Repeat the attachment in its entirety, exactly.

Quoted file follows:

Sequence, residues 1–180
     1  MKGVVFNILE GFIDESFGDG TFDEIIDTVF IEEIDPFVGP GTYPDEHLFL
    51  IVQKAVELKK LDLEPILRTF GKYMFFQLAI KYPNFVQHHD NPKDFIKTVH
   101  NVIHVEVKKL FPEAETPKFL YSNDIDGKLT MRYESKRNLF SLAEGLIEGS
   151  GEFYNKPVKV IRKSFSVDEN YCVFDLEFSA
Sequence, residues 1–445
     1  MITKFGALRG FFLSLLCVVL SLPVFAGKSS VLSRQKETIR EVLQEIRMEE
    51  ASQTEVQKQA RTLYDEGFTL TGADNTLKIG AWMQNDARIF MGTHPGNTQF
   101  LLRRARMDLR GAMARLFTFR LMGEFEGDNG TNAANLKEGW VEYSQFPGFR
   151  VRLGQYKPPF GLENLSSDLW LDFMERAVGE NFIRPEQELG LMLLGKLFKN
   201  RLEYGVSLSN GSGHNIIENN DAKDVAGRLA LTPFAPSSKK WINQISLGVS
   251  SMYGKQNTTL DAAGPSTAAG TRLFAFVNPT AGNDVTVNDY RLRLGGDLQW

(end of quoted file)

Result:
Sequence, residues 1–180
     1  MKGVVFNILE GFIDESFGDG TFDEIIDTVF IEEIDPFVGP GTYPDEHLFL
    51  IVQKAVELKK LDLEPILRTF GKYMFFQLAI KYPNFVQHHD NPKDFIKTVH
   101  NVIHVEVKKL FPEAETPKFL YSNDIDGKLT MRYESKRNLF SLAEGLIEGS
   151  GEFYNKPVKV IRKSFSVDEN YCVFDLEFSA
Sequence, residues 1–445
     1  MITKFGALRG FFLSLLCVVL SLPVFAGKSS VLSRQKETIR EVLQEIRMEE
    51  ASQTEVQKQA RTLYDEGFTL TGADNTLKIG AWMQNDARIF MGTHPGNTQF
   101  LLRRARMDLR GAMARLFTFR LMGEFEGDNG TNAANLKEGW VEYSQFPGFR
   151  VRLGQYKPPF GLENLSSDLW LDFMERAVGE NFIRPEQELG LMLLGKLFKN
   201  RLEYGVSLSN GSGHNIIENN DAKDVAGRLA LTPFAPSSKK WINQISLGVS
   251  SMYGKQNTTL DAAGPSTAAG TRLFAFVNPT AGNDVTVNDY RLRLGGDLQW